Maxar eyes September 2021 launch for WorldView Legion satellites
SAN FRANCISCO – Maxar Technologies plans to launch its first two WorldView Legion satellites as early as September 2021 on a SpaceX Falcon 9 rocket from Vandenberg Air Force Base in California.
“We continue to make progress on the integration, assembly and test of all six spacecraft and instruments, and we expect to go into environmental testing early next year,” Dan Jablonsky, Maxar president and CEO, said during a Nov. 5 earnings call. “This is a complex program and many elements need to come together to ensure the level of quality and mission success we expect.”
Before the COVID-19 pandemic, Maxar planned to begin launching WorldView Legion satellites in the first quarter of 2021. Due to the pandemic, however, “some of the vendor hardware is showing up just a little later than we originally planned,” Jablonsky said. Those delays impact the timeline for full integration, which means environmental testing also occurs a little later, he added.
Maxar plans to launch the second two WorldView Legion satellites approximately three to six months after the first launch, Jablonsky said.
For the third quarter of 2020, Maxar reported revenues of $436 million, a gain of nearly 6% compared with the $413 million in revenues for the same period in 2019.
“Overall the demand environment for our products and services remains resilient and robust,” Jablonsky said.
Maxar booked $500 million in orders during the quarter, including the $300 million annual option to provide imagery and data to the U.S. government through the EnhancedView program. Maxar also won a multi-million-dollar contract to continue licensing data for Esri’s ArcGIS Living Atlas of the World through 2023 and more than $100 million in contracts with various government agencies.
For example, Maxar announced a U.S. Army indefinite-delivery indefinite-quantity contract worth as much as $49 million over eight years for Remote Ground Terminal, a portable direct-downlink tactical ground systems to send geospatial intelligence to soldiers in remote locations. In September, Maxar announced initial task orders with a value of $8 million.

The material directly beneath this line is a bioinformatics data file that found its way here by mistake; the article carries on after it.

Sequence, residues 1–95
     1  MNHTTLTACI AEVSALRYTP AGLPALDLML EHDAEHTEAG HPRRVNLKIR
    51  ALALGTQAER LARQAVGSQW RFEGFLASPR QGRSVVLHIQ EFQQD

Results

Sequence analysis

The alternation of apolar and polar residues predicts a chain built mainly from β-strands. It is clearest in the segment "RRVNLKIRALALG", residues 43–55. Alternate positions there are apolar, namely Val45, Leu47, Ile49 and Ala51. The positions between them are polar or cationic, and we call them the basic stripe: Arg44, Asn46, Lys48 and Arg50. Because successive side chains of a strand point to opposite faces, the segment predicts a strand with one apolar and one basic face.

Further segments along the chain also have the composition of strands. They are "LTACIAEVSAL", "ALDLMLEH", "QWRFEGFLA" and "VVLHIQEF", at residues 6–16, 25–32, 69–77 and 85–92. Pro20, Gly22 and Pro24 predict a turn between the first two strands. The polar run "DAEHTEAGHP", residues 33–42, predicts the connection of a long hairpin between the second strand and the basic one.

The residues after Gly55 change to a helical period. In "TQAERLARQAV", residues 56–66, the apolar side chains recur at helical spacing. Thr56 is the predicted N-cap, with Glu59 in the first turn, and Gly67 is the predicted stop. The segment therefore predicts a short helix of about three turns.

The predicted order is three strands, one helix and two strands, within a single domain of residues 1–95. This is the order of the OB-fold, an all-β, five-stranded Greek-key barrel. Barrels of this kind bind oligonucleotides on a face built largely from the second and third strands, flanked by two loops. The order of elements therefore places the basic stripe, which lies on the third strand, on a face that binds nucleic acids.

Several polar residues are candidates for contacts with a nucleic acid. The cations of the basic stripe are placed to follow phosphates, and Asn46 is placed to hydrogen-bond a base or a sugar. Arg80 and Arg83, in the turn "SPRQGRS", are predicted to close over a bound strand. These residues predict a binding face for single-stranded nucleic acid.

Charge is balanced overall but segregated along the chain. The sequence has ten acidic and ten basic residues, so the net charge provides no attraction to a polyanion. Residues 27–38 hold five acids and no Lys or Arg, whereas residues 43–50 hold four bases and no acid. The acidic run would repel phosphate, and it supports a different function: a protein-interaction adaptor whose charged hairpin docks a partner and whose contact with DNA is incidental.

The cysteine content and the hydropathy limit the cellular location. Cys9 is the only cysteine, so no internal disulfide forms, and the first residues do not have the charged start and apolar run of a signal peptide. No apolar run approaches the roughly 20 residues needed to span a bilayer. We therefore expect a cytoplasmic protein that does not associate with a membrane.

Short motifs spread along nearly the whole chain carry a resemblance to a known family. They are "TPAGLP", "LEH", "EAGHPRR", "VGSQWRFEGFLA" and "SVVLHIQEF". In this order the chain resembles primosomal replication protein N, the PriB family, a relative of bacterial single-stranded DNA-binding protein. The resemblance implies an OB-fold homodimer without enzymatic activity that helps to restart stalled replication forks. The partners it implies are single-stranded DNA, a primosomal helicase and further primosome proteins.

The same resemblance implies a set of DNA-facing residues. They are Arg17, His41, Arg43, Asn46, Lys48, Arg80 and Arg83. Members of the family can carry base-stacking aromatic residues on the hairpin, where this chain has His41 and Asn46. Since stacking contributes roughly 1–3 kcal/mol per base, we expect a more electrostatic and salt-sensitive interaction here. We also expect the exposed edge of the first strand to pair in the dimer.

Maxar’s space infrastructure business revenues jumped nearly 12 percent compared with the third quarter of 2019. That was “primarily as a result of increased volume of U.S. government contracts offset by reductions in commercial programs,” Biggs Porter, Maxar chief financial officer said during the earnings call.
In contrast, Maxar’s Earth intelligence business revenues declined by about $8 million compared with the same period in 2019. The decline was driven primarily by $10 million decrease in the revenue recognized during the quarter for the EnhancedView contract, which provides Earth observation data to U.S. government agencies.
“These decreases were partially offset by $9 million in revenue growth from new contract awards and expansion of existing programs with the U.S. government,” Maxar said in a Nov. 5 news release.
During the quarter that ended Sept. 30, Maxar revenue roughly doubled for SecureWatch, a cloud-based geospatial subscription service for electro-optical and synthetic aperture radar data.
Maxar completed the sale of MDA, its Canadian subsidiary, in April. That sale, along with the acquisition in July of Vricon, a 3D geospatial products and analytics specialist, “provide us flexibility and capabilities to execute on our multi-year growth plan,” Porter said.
Maxar continues to focus on diversifying its business and winning additional contracts with U.S. military and intelligence agencies.
“We’ve been pursuing several opportunities and look forward to the day when we’ll be able to announce something substantial,” Jablonsky said. “For now, we’re mostly involved in study contracts and design work. We remain very focused on diversification and believe that successful execution of our strategy will lead to sustained growth over time.”